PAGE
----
Mumsnet has not checked the qualifications of anyone posting here. If you need help urgently, please see our domestic violence webguide and/or relationships webguide, which can point you to expert advice and support.

If this is a red flag why/how is it a red flag?

(41 Posts)
four125 Fri 10-May-13 10:11:07

I have read that someone trying to rush you in a relationship - please can someone explain why?

As background I have a bf, been together for 6 months & he wants us to move in together. I don't.
I am quite happy where I am for now although I think I would be ready to reconsider this in another 6 months time.
We would be looking to rent so he isn't after any income or property of mine. In fact I would be considerably better off if we did move in together.
His rushing is making me want to slow down.

expatinscotland Fri 10-May-13 10:12:51

Is he still trying to push this even though you have told him you do not want to move in together yet?

CrapBag Fri 10-May-13 10:14:15

Why would it be a red flag? Maybe he is keen and doesn't see it as rushing things.

Me and DH moved in together after 5 months. 13 years later we are still together. I wouldn't see that on its own as a red flag.

ColinCaterpillar Fri 10-May-13 10:16:01

Because a) rushing or forcing you into a decision about anything is a red flag - you should have a say too and b) the more committed you are the harder it is for you to leave, you are vulnerable and that makes EA partners feel they have free reign to treat you as they wish and gives greater control over you if you inhabit the same space

DonkeysDontRideBicycles Fri 10-May-13 10:32:14

If you're not ready or willing he should accept this is how you feel.

If you can verbalise why then that's a bonus, but you don't have to justify or explain or excuse how you feel.

A red flag would be if he sulked, persistently cajoled you or rubbished your reasons for waiting.

Dahlen Fri 10-May-13 10:32:58

The reason it's considered a red flag is because abusers try to secure their victims very quickly. It normally follows a set pattern of falling in love very quickly, declaring that they know you're the one and different to all the others, then wanting to move in together/get married. Once you're 'in' and have so much more invested in the relationship, the controlling behaviour usually starts, slowly isolating you from friends, family and colleagues, usually dressed up as concern for your welfare or a sign of how much he loves you.

Many people move in after 6 months and it works out. It would be too soon for me, but 6 months isn't 6 weeks. Wanting to move in after this time isn't in itself a red flag. Just as there is no 'right' amount of time to get over someone, there is no 'right' amount of time after which you can say, yes, this is someone I want to live with.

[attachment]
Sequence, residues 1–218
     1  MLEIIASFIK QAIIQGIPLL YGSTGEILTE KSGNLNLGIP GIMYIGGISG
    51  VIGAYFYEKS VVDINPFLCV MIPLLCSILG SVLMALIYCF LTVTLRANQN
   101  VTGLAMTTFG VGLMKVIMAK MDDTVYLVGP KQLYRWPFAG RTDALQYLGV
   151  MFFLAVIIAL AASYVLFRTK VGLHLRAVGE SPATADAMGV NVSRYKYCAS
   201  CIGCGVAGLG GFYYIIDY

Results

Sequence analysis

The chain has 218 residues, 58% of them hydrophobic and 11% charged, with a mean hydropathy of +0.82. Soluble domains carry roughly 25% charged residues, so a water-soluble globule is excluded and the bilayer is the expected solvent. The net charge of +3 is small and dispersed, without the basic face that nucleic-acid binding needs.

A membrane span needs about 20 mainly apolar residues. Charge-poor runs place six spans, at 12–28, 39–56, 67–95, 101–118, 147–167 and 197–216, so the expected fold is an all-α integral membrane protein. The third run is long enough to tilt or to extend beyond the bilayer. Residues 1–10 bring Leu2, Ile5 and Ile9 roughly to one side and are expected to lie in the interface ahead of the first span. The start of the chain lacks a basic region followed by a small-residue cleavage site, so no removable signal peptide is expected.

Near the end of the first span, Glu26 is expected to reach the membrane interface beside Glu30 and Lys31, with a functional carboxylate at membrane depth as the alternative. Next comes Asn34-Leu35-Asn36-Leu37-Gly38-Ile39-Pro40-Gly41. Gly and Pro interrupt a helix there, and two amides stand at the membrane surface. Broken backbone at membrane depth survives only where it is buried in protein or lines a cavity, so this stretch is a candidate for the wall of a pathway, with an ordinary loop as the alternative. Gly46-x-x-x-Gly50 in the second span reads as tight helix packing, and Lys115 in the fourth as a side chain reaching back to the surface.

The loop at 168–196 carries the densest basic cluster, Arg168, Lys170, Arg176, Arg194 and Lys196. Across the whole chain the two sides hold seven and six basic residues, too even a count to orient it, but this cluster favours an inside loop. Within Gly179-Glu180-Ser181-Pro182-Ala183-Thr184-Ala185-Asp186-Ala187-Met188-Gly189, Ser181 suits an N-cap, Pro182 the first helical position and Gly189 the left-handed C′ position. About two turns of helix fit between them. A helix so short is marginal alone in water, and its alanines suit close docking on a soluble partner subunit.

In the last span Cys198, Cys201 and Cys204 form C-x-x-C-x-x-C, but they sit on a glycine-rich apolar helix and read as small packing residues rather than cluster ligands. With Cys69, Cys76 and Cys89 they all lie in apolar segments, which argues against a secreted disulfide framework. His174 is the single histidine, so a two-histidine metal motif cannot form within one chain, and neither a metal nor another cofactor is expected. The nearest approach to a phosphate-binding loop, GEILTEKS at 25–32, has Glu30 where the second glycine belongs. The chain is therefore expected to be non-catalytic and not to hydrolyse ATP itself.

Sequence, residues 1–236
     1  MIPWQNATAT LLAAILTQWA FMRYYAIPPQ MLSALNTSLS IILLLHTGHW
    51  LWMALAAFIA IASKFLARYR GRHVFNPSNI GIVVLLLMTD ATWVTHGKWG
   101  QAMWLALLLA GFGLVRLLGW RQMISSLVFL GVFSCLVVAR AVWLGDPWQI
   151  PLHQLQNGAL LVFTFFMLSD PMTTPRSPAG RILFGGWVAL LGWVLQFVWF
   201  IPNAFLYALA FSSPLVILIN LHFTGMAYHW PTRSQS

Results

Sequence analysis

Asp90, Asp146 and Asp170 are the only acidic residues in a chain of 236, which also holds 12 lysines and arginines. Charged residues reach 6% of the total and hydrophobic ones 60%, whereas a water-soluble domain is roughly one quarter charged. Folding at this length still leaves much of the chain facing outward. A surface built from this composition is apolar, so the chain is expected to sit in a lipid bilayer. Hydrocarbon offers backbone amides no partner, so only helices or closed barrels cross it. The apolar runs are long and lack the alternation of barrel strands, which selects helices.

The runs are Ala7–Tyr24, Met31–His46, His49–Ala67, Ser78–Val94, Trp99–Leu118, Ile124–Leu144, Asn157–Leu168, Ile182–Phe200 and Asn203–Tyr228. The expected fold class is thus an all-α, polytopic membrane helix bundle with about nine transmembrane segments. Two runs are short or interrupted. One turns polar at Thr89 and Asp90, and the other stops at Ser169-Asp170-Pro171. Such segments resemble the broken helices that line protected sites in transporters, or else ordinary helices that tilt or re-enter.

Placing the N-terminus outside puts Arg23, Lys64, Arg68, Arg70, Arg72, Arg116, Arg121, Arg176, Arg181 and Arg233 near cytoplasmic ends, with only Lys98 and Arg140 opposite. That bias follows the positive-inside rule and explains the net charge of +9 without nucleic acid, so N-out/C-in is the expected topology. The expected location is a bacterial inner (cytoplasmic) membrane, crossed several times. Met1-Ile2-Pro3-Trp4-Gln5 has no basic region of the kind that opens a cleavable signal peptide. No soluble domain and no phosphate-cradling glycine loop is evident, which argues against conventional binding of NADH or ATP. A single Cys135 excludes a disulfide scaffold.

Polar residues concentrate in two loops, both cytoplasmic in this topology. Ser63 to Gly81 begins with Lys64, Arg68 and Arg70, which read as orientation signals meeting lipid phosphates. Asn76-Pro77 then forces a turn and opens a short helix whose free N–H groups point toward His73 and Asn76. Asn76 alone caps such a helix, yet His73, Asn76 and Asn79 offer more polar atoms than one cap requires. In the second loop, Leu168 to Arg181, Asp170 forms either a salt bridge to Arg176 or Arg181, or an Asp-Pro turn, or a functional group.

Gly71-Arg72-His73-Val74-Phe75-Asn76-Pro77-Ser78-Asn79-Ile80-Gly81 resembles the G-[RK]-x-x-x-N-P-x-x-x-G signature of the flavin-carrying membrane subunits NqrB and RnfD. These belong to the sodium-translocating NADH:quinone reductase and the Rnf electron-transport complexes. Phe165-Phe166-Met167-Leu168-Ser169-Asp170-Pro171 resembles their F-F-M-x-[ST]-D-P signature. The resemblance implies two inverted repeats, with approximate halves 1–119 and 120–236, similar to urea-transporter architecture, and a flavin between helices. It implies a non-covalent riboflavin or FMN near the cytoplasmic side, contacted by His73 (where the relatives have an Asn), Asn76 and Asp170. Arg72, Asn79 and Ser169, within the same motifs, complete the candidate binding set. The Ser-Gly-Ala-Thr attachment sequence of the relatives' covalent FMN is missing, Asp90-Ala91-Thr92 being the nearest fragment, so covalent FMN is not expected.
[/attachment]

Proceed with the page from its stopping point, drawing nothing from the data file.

However, under normal circumstances, how well can you possibly know someone after 6 months?

Have you had a holiday together yet to see if the 'mask' of good behaviour slips at all and what you're like together in a confined space without the ability to have time to yourself? Do you have full details of his financial affairs? Have you had your first major disagreement so that you know how he handles conflict? Have you discussed how you split things financially/domestically and do you have the same ideas on it? Have you met all his friends and family? What do you know about his previous relationships and what has he said about his own part in them breaking down? Is he accepting responsibility or is it all the Xs fault?

If you don't have those answers yet or aren't happy with the ones you've been given, or even if you just don't want to, don't do it. If he doesn't accept your viewpoint, that's a MAJOR red flag because it shows he considers his desires more important than yours and is willing to ride roughshod over your opinions and feelings.

ouryve Fri 10-May-13 10:33:28

It's a red flag if he's not willing to listen to and respect your views.

ColinCaterpillar Fri 10-May-13 10:34:40

I love dahlen's post. Perfect

fubbsy Fri 10-May-13 10:38:59

If his rushing is making me want to slow down, then slow down. Your feelings and desires are just as important as his.

If he is a decent bloke, he will be understanding and respectful. If he tries to pressurise you, that is a massive red flag.

CogitoErgoSometimes Fri 10-May-13 10:39:26